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Economic Analyses of Federal Scientific Collections

Economic Analyses of Federal Scientific Collections, Methods For Documenting Costs and Benefits, David E. Schindel, and the Economic Study Group of the Interagency Working Group on Scientific Collections

The Economic Study Group of the U.S. Interagency Working Group on Scientific Collections (IWGSC) examined the economics of Federal scientific collections. Their report provides a framework for economic analyses, including methods for documenting their long-term operating costs and the benefits they generate.

Background and Goals. The U.S. Federal government conducts and/or supports research in a broad range of scientific disciplines. This research commonly relies on physical objects that range from microbes to moon rocks, from fossils dating back billions of years to emergency medical samples taken from human populations during pandemics. Federal departments and agencies have made – and continue to make –strategic decisions to retain and preserve these objects based on their potential value for future use. Billions of objects housed in thousands of these collections are assets available to the Federal, non-Federal, and international research and development communities. 

Congress and the Office of Science and Technology Policy have called on departments and agencies to develop standard methodologies to document the costs and estimate the support these collections will need. At the same time, knowing the benefits generated by these collections is essential to evidence-based management and policy formulation.

The Report. In 2018, IWGSC established an Economic Study Group to develop methods for estimating the costs and benefits associated with U.S. Federal scientific collections. The resulting advisory report to the IWGSC, Economic Analyses of Federal Scientific Collections, presents a standard framework for estimating long-term operating costs, and describes five different methods for estimating and documenting the benefits generated by collections. The methods presented in this report are accompanied by examples of their application by U.S. Federal departments and agencies, highlighting how the differences among collections and their missions require different methods. The report analyzes the strengths and weaknesses of each method and provides guidance to agencies and collections on how to select the most appropriate methods.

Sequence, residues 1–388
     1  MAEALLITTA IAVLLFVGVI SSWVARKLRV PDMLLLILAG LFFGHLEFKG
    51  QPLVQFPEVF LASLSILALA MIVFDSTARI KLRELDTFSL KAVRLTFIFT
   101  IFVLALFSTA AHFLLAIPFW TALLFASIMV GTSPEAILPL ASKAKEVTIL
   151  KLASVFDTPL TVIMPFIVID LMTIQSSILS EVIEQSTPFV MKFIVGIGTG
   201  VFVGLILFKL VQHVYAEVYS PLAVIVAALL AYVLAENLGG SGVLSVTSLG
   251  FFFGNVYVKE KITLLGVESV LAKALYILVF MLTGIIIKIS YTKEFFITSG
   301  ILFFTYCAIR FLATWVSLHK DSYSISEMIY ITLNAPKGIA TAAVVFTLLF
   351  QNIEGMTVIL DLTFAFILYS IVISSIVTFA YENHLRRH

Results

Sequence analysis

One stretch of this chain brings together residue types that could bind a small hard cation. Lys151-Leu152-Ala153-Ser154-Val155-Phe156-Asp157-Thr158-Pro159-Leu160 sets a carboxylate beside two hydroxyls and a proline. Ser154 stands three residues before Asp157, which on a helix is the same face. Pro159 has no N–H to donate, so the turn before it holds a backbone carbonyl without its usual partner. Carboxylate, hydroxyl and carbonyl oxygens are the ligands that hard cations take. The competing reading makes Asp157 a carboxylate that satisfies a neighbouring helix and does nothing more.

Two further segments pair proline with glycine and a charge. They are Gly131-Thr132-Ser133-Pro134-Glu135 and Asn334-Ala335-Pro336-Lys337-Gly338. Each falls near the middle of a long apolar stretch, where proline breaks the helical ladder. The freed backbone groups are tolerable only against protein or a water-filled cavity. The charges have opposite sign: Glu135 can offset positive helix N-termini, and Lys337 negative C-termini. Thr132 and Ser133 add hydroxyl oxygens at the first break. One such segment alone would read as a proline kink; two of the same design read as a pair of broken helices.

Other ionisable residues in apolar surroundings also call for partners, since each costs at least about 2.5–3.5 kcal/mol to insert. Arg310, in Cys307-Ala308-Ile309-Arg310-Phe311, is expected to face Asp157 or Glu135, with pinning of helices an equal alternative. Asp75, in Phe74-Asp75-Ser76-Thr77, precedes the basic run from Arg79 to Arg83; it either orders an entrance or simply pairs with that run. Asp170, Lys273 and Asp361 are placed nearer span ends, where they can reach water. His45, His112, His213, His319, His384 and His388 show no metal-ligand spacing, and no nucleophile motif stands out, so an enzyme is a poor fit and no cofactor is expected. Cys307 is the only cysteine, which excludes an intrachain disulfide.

Non-federal and non-U.S. collections may find this approach and the different methods valuable for evidence-based budgeting, management, and policy development. 

The report was published by the Smithsonian Institution Scholarly Press as an Open Access Technical Report. 

Download the Report

Additional Resources. The following materials provide a more in-depth introduction to the report.  We encourage you to download, share, and discuss this material as you consider the report and its recommendations.

  • A short video introduction to the report  (mp4, 3 minutes): This introduction provides an overview of the scope, goals, and results of the study that led to this report.
  • A slide presentation (pdf, 21 pages): This presentation was designed as the standard for disseminating the results of the study and for stimulating discussion about implementing its recommendations.
  • IWGSC Press Release: The IWGSC co-chairs from the Smithsonian Institution and USDA have issued this press release concerning the advisory report.

Suggested Citation. Schindel, D. E. and the Economic Study Group of the Interagency Working Group on Scientific Collections. 2020. “Economic Analyses of Federal Scientific Collections: Methods for Documenting Costs and Benefits.” Report. Washington, DC: Smithsonian Scholarly Press.